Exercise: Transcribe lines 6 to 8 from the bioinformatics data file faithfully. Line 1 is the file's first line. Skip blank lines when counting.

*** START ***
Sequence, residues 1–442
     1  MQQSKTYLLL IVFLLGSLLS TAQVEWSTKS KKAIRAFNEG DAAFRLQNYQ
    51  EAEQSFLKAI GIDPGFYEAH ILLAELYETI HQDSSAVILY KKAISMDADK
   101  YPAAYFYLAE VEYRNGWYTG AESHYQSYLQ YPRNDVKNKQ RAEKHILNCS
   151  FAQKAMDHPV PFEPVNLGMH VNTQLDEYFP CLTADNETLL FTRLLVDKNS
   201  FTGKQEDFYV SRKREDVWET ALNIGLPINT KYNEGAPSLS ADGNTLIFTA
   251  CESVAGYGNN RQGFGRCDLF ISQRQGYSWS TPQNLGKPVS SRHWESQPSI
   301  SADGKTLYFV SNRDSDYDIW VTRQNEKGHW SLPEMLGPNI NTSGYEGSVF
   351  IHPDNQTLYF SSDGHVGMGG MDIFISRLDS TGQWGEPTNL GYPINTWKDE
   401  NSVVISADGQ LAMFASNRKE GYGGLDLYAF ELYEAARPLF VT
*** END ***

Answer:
   201  FTGKQEDFYV SRKREDVWET ALNIGLPINT KYNEGAPSLS ADGNTLIFTA
   251  CESVAGYGNN RQGFGRCDLF ISQRQGYSWS TPQNLGKPVS SRHWESQPSI
   301  SADGKTLYFV SNRDSDYDIW VTRQNEKGHW SLPEMLGPNI NTSGYEGSVF